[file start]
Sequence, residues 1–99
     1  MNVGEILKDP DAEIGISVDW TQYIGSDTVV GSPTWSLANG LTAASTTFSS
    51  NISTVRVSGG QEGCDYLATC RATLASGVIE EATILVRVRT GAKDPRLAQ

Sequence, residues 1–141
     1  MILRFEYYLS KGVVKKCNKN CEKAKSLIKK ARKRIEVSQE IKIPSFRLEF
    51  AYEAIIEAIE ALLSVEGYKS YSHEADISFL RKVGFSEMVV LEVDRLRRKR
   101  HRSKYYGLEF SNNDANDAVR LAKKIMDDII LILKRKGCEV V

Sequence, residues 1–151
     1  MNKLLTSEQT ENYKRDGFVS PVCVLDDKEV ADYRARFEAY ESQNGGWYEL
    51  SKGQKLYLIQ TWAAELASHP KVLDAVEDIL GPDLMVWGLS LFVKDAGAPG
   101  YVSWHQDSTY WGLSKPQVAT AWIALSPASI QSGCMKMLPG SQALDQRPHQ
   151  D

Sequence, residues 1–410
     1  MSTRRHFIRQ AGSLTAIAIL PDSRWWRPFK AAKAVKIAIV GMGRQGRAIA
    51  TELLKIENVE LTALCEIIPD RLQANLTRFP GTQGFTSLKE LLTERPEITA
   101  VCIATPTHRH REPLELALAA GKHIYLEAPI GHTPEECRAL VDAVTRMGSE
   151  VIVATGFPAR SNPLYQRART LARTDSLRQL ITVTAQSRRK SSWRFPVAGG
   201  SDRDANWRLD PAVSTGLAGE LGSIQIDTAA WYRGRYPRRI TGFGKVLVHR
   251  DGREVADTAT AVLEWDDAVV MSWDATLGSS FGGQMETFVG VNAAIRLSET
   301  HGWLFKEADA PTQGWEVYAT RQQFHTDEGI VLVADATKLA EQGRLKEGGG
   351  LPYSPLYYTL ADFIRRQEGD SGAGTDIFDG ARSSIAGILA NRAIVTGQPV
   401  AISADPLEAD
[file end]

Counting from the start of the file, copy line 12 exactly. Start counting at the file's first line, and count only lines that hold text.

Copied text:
   151  D